shows the experimental setup of NLSI. A mode-locked fiber laser produces 50 MHz, 300 fs pulses at 1560 nm. The −10 dB bandwidth is broadened from 24 nm to 79 nm [dotted and solid curves, Fig. 3(b)] by passing the pulse through a 15-m-long highly nonlinear fiber. The p-wave and s-wave components are separated by a polarization beamsplitter, focused into a 1-mm-long Type-I BBO reference crystal and a 49.5-mm-long A-PPMgLN with different types of QPM gratings (HC Photonics) to generate the second-harmonic reference and signal pulses, respectively. The mask-defined domain period distributions Λ(x) of QPM1 and QPM2 are linear and quadratic functions monotonically decreasing from 20.4 µm to 19.9 µm, corresponding to phase-matched fundamental wavelengths of 1566-1586 nm [shaded, Fig. 3(b)]. A polarization controller is used to maximize the fringe contrast of the interferogram S(Ω) by controlling the power ratio of the two arms. The two s-polarized second-harmonic pulses are delayed with each other, recombined by a beamsplitter, focused into a spectrograph, and recorded by an un-cooled CCD array to get the interferogram S(Ω). In our experiment, 12-μW average fundamental power and 100-ms CCD integration time would be sufficient for accurate measurements. The broad input spectral width and the short BBO crystal (phase-matched wavelengths are beyond 1520-1630 nm) ensure that the fringes of S(Ω) exist for the entire spectral range of H(Ω) of each QPM grating [a prerequisite of measuring ψ(Ω)].

Figure 4(a)
Fig. 4 (a) A microscopic image of QPM1 with more than 8 domains. (b) The global domain length distributions of QPM1, QPM2 obtained by concatenating ~620 microscopic images.
shows a sample microscopic image of the QPM1 surface, from which we can measure the local domain lengths. The global domain length distributions [Fig. 4(b)] of QPM1, QPM2 were obtained by combining the results of ~620 images taken from each of the two QPM gratings. In addition to the majority lengths around 10 μm, there are 30 and 40 “long domains” (~30 μm) out of the total 4925 and 4948 “mask-defined” domains in QPM1 and QPM2, respectively. This is attributed to the domain inversion failure such that three neighboring mask-defined domains merge into a 3-time-longer domain.

Figures 5(a)
Fig. 5 Experiment results of (a-c) QPM1 and (d-f) QPM2. (a,c) Second-harmonic power spectra of the reference (solid), signal (dashed), and their interferogram (shaded). (b,c,e,f) PM spectral intensities and phases obtained by experiments (solid and shaded), lithographic mask function (dashed), and microscopic images (dashed-dotted), respectively.
and 5(d) illustrate the second-harmonic power spectra of the reference pulse (solid), the signal pulse (dashed), and their interferogram S(Ω) (shaded) due to QPM1 and QPM2, respectively. The fringe density of either S(Ω) increases with wavelength, consistent with a down-chirped second-harmonic signal pulse caused by a QPM grating with monotonically decreasing domain period function Λ(x). Figures 5(b) and 5(e) show the PM power spectra of QPM1 and QPM2 obtained by three methods: (1) wavelength-scanning SHG experiment (solid and shaded), (2) FT of the mask-defined g(x) (dashed), (3) FT of the microscopically imaged g(x) (dashed dotted), respectively. It is evident that the artificial random duty period error due to concatenating a large number of microscopic images may result in seriously distorted PM power spectra. The curves in Figs. 5(c) and 5(f) represent the PM spectral phases of QPM1 and QPM2 obtained by NLSI experiment ψexp (solid), mask function ψm (dashed), and microscopic images ψμ (dashed-dotted), respectively. The accuracy of PM spectral phase measurement can be quantitatively estimated by the intensity-weighted root-mean-square (rms) phase error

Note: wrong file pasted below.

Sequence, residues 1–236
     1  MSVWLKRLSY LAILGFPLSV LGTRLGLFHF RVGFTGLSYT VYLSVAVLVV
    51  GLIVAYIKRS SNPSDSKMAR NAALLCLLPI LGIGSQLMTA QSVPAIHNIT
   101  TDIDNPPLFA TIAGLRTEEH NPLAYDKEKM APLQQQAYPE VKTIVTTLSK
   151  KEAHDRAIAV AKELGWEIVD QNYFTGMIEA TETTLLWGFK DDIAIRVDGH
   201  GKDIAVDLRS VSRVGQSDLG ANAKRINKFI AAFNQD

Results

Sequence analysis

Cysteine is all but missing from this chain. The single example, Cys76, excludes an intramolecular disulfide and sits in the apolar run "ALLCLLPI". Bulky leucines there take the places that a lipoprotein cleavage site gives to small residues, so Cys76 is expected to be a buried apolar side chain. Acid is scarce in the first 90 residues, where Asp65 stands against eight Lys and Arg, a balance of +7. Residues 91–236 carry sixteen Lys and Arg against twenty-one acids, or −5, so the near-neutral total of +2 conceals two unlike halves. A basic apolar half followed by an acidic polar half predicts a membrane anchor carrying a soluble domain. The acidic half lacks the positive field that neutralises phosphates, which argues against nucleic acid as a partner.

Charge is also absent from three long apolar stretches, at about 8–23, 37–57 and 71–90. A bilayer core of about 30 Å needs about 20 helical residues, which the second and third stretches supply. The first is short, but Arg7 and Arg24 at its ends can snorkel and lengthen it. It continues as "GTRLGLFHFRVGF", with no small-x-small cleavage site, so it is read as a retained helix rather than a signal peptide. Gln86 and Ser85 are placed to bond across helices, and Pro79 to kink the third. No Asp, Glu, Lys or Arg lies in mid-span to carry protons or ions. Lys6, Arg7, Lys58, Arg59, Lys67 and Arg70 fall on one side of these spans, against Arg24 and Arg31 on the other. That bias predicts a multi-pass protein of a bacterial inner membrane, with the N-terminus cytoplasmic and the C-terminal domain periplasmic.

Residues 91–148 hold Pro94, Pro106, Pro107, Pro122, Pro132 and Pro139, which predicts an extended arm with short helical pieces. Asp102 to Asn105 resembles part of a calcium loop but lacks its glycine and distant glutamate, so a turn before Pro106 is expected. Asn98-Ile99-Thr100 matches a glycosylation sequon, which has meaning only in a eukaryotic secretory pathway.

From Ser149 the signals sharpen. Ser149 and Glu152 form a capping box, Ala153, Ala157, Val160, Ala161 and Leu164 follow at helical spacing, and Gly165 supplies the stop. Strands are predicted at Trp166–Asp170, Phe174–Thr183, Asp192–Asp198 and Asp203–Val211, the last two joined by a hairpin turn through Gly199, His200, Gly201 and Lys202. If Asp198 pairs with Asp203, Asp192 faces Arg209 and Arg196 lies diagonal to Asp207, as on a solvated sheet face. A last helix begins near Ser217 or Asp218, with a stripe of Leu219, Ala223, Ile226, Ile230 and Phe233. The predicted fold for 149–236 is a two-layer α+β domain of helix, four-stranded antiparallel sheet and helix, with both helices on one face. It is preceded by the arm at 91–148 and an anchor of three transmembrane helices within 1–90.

εrmsi=1N[ψexp(λi)ψ(λi)]2×|H(λi)|2/i=1N|H(λi)|2,
(4)
where |H(λi)|2 is the phase-matching power spectrum, and λi (i = 1-N) indicates the ith sampling wavelength. The rms phase errors between ψexp and ψm are 0.36π (QPM1) and 0.31π (QPM2), better than 1.46π (QPM1) and 0.32π (QPM2) between ψμ and ψm. Since these εrms values are much smaller than the overall phase range (~40π), our method is reasonably accurate.

4. Conclusions

We experimentally retrieved the phase-matching spectral phases of aperiodic QPM gratings for the first time (to the best of our knowledge) by using nonlinear spectral interferometry. The complex phase-matching responses and domain period distributions of aperiodic QPM gratings measured by NLSI and microscopic images are in good agreement with those defined by the lithographic masks. Our method is nondestructive, fast (only acquiring one power spectrum and using non-iterative phase retrieval), sensitive (using only one nonlinear conversion process), accurate, applicable to different nonlinear materials, and independent of the chirp of the fundamental light source. Compared to taking microscopic images of the etched crystal surface, our method can directly measure the domain period distribution in the crystal interior (normally accessed by the optical beams) and is free of the artificial random duty period error due to image concatenation.

Acknowledgment

This material is based on research supported by the National Science Council of Taiwan under grants NSC-99-2120-M-007-010, and NSC-100-2221-E-007-093-MY3 and by the National Tsing Hua University under grant 101N2081E1.

References and links

1.